Rural NL, too, would have been given a new instruction booklet about what overly dependent communities can expect in a province driven to penury.
If not actual support, the Liberals might at least be enjoying respect for having displayed leadership at a difficult time. Respect is a worthy and enduring platform on which to build. A deservedly pilloried Tory Party would, by now, have been driven out of town.
Instead, the PCs are atop the polls, even if all of that could change when the Liberal caucus finally shows Ball the door.
The public must be pinching themselves — wondering why the Liberal caucus would have picked up where the Tories left off, and why they so often end up with dysfunctional government.
Had Ball a few strong Ministers, the vigil on galloping incompetence might be less painful.
In the 1970s Frank Moores was found AWOL for long stretches of the year, allowing his passion for salmon fishing to interfere with his public duties. The Liberal Opposition — and the media (back in the days when public littering and potholes didn’t lead the news) — pilloried him. But he had a Cabinet consisting of Peckford, Crosbie, Marshall, and others who made the operation of government at least seem seamless.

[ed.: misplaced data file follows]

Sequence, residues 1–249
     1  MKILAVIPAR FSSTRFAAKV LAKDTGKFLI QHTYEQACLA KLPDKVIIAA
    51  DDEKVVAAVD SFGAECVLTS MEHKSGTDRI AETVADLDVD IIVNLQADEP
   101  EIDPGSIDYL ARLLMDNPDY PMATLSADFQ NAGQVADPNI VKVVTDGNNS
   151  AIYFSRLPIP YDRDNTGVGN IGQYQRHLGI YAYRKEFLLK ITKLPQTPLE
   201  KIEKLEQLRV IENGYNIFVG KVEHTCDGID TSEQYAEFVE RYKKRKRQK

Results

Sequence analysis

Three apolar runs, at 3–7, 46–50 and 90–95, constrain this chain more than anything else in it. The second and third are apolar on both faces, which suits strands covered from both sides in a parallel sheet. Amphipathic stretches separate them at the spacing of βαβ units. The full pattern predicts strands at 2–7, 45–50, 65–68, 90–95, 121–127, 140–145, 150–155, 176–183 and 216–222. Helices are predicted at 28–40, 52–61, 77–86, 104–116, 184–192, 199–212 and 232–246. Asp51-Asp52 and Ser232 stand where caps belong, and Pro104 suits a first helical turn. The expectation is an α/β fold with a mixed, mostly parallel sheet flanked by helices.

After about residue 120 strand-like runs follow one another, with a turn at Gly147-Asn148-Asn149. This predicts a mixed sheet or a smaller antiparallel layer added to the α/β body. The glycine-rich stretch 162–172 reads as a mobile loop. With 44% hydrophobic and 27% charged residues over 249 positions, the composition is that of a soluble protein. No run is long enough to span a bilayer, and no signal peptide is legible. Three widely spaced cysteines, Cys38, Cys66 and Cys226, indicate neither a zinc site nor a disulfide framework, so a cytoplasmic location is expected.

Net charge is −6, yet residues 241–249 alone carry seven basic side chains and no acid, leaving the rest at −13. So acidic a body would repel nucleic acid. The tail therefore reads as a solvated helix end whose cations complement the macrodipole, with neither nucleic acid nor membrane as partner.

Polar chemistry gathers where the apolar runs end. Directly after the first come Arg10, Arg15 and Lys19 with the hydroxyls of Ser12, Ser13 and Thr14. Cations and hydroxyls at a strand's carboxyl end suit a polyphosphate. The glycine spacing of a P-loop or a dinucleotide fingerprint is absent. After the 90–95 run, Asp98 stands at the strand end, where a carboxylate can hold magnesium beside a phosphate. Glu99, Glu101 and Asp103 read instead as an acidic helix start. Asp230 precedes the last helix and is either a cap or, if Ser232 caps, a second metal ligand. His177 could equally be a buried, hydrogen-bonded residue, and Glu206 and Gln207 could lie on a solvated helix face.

Which of the current Ministers have the capacity to cover for this feckless Premier?
Cathy Bennett, having delivered an essentially “fake” budget following last year’s fiasco, wasting precious months on a “zero-based” PR exercise and saving pennies, when the budget needed an axe? Her inconsistency about our spending problem and her willingness to accept the propaganda wall erected by the PR staff of Executive Council — diminishing Finance staff in the process — warrants derision and the cynicism of what, otherwise, might have been a patient public.